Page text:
MOUNTAIN VIEW, CA — Many years ago, I gave a talk called “the Art of God-Watching.” It’s the craft of seeing God’s fingerprints on everyday life. It takes some training, but once we have some competence, we can start to see burning bushes even along concrete, gum-stuck city sidewalks. Yes, each moment then can be a heart’s cry, lifting up over the car horns and carbon monoxide and soaring up to the heavens. Each day could be filled with Mozart-like inspiration.
Yesterday, a friend of mine said that she wanted to be inspired by her boyfriend. I want to be inspired too — not by her boyfriend though. (Just wanted to be clear.) I want to be inspired by life — “in-breathed” as the Latin etymology suggests. But she wasn’t. And I’m not either. Yet we’re both in need of a deep, living breath.
Inspiration, unfortunately, is too often like dry sand through fingers. Sure, more effort means I can keep it in my hands longer, but at some point, the sand spills out between my fingers and I need to grab a new, fresh mound. So I’m tempted to write inspiration off completely, understanding the need for perspiration. But that 1% of inspiration still fuels the other 99%. So bring the bucket and a pail of water — let’s build sand castles. Perhaps it’ll stick.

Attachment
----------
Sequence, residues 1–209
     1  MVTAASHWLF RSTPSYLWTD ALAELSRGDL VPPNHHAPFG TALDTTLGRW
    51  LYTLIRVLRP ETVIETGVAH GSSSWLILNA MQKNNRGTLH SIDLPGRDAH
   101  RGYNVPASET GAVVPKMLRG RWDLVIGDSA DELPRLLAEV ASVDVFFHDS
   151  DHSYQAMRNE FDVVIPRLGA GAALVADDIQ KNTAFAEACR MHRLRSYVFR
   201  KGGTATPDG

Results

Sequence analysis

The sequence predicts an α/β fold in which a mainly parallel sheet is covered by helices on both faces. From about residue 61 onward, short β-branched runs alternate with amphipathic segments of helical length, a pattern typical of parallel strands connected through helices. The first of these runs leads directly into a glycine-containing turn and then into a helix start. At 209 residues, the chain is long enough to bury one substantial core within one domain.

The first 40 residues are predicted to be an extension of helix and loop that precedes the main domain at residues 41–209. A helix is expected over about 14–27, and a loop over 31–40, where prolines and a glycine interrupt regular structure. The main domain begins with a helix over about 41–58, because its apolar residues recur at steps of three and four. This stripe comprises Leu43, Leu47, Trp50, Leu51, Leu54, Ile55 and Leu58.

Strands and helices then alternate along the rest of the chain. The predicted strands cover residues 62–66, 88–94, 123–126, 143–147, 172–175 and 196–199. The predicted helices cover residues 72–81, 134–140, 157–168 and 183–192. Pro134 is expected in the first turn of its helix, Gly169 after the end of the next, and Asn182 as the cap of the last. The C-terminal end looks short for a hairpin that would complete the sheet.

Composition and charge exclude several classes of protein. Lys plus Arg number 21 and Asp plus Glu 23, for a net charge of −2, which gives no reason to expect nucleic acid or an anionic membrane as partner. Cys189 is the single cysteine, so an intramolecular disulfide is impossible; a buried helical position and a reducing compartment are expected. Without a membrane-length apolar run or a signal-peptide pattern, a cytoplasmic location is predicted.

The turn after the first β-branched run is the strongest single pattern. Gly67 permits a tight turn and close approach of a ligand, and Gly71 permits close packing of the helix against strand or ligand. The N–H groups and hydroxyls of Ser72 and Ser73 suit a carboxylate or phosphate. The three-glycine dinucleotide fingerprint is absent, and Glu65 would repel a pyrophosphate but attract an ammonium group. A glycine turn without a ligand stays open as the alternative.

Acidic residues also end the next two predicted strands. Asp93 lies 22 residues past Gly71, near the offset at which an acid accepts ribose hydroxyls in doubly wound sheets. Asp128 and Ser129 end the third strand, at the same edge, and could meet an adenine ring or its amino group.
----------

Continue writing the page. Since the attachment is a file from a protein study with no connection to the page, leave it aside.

Today, I need to recapture the Art of God-Watching, allowing divine moments a chance to walk up to me, reach underneath my rib cage and seize me up hard by the spleen. Perhaps it’s the rustle of an elm in the summer breeze, or the slight chill of an air conditioner on a scorching day, or the whisper of a love who still thinks about me from across the oceans — but in it all we can thank God for the little delights that circle around us. We just need to take the time to see it, to marvel and be thankful.
A month ago, I was vacationing in San Francisco and had a God-Watching moment. Walking towards the lighthouse at Point Reyes National Seashore an hour north of San Fran, I happened to look to my right and was left utterly speechless by the vastness of the shoreline extending to the horizon. Ten miles of shoreline beaches and oceancliffs as far as the eye could see. It was absolutely breathtaking and inspiring. My heart ached and marveled at the same time because of God’s handiwork. ”
O Lord my God…when I in awesome wonder…”
And yet…I find that my heart oscillates between inspired and restless, ever yearning for “artistic sublimation.” (I first heard you use that phrase to describe my enneagram characteristic back when we both lived in Cambridge…I’ve finally gotten around to ordering that book, since you recommend it on your blogsite.)